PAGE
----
nylexclock

The shortest distance between two points - Anne's Story

pinkshirt

We lived in South Yarra, a flat on the corner of the Righi. My father had lived there for years. His dog, he claimed, understood that a straight line was the shortest distance between two points, since he always crossed to Gordon Grove according to this principle.

You could smell fresh bread from the bakery over the other side of the hill.

In the 1960s we moved down to Richmond, over from Gosch's Paddock. Once the silos caught fire and we children watched a fireman going up a long ladder, then dropping something, a handkerchief we supposed, which floated downwards for a long long time. We used the Nylex clock, in the morning before school I would stand at my mother's bedroom window and plait my hair, keeping a sideways eye on the time.

At ground level, in dark caverns under the silos, men with rakes turned the barley over in long pits, the whole of South Richmond smelling of malt.

We lived opposite the entrance to Punt Rd from the freeway. One night a couple knocked at the door asking for directions. After they left we heard an accident and went out onto the veranda to see what had happened. A car coming fast around that slip road had run over and killed one of our visitors.

Once a heavily loaded ute lost a chair from its load. We were sitting on the veranda and saw it. Before the driver had time to pull over, another driver stopped, picked up the chair and drove off with it.

I used to walk home from school along Punt Rd and, if the lights were against me at Alexandra Ave, I would walk along the west side and cross to our house, lane by lane between the moving cars, something that would have shocked my mother.

My parents had a friend who was a painter, and he came visiting one day, wearing a pink shirt. He knocked on the wrong door and said he just missed being thrown down the steps by our neighbour who was affronted to have a pink-shirted man on his door step.

Growing up on Punt Road - Sue's Story

milkhorsecart

My family and I grew up on Punt Road (between Swan Street and the freeway) and our grandmother lived next door so we have many tales and memories:

* Milk was delivered by horse and cart through the 60s. The horse's name was Jedda and my sister and I used to try to wake up early so we could pat the horse. Mum would make us collect its droppings to use as manure!

* Mum used to send us to the yard to read the Nylex clock and then she'd reset every clock in the house to match (clocks weren't reliable back then).

* Back in those days you could actually cross Punt Road to get to the park with just a little care. Believe it or not we did this as kids, to go catching tadpoles in the Botanical Gardens.

* I remember hearing the roar of the crowd at the MCG on Grand Final day and, from our verandah, being able to see the crowds in the top stands. And of course seeing the fireworks every Moomba celebration.

* As a teenager I used to sell newspapers and lollies during the mad rush of the footy crowds through Richmond Station. How quickly we needed to tally the goods and dish out change before they raced off to catch their trains.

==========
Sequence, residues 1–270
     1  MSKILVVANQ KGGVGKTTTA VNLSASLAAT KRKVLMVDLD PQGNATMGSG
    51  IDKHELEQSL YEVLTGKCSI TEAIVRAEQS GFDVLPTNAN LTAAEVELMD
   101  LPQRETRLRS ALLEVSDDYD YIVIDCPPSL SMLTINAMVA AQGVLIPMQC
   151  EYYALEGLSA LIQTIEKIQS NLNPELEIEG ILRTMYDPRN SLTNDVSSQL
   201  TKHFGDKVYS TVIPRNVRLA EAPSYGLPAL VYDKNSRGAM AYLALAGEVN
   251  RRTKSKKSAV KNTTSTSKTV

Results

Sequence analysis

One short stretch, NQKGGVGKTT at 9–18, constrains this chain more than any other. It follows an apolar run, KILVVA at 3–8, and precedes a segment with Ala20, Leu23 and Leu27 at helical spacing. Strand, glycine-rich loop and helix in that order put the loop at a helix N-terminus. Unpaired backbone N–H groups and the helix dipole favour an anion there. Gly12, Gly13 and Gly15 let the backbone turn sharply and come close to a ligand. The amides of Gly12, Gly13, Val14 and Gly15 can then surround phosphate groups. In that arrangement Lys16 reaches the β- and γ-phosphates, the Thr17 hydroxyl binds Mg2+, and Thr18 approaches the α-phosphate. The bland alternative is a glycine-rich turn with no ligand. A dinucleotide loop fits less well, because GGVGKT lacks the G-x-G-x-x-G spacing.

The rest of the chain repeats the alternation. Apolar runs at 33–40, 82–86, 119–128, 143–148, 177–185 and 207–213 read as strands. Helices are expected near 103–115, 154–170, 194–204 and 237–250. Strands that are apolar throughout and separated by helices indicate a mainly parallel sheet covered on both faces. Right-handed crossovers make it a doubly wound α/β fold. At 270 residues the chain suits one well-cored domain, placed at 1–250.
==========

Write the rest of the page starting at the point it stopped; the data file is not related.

* The intersection of Punt Road and Swan Street used to flood in the 70s every time there was a downpour. Once, the high point of the water was at my mid-thigh level. It was so entertaining to watch passengers disembarking from the city tram (which could go no further), removing their shoes and rolling up their pants to wade to the other side.

* I remember countless car crashes as motorists tried to turn right into the Shell garage. It was tow truck driver heaven.

* My sister and I had a bedroom that looked out onto Punt Road – specifically the big park opposite Shell. The traffic hum (not quite noise) would let you know the time of day – and the weather. A swissshhh sound told you it was raining. Didn't want to get out of bed those days. I remember the headlights of the cars made a travelling ripple pattern at the top of the high walls in the bedroom. How they did remains a mystery to me. 

Image credits:
Courtesy of the State Library Victoria: www.slv.vic.gov.au
Milk cart with horses on country road
Date(s): [ca. 1875-ca. 1938]
Creator: Harvey, John Henry 1855-1938 photographer.
Copyright status: This work is out of copyright

Route 246 - Andrea's Story

bus

I am a 53-year-old women who has been travelling Punt Road since I was 18. I used to lived in a flat on Punt Road – with the screeching of the brakes a nightly occurrence and the Nylex clock my own personal clock. I lived in Abbotsford and caught the 246 bus when I studied at Swinburne in the 80s. I lived in Richmond and travelled to Swinburne to work, again, on the 246.

For many years my son travelled to school on the 246 along Punt Road. First with his loving mum then ignoring her to hang with his mates.

My best friend lived in Elsternwick and, when I again lived in Abbotsford, I travelled between our two homes again on the 246 (she passed away almost two years ago). Sometimes it would take two hours, sometimes 20 minutes.

I now live in Westgarth and still work at Swinburne/NICA and still travel on the 246. I have an amazing array of 'shoe shots' of my feet up in the bus as I yet again journey down Punt Road. A girl has to occupy her time whilst the footy traffic clears and I do love shoes! You see I don't drive, and have never driven, so Punt Road is my walking route. My bus route. My taxi route. And many times I sit in other's cars as we crawl along the road that has become an artery of my life. Punt Road is truly my road!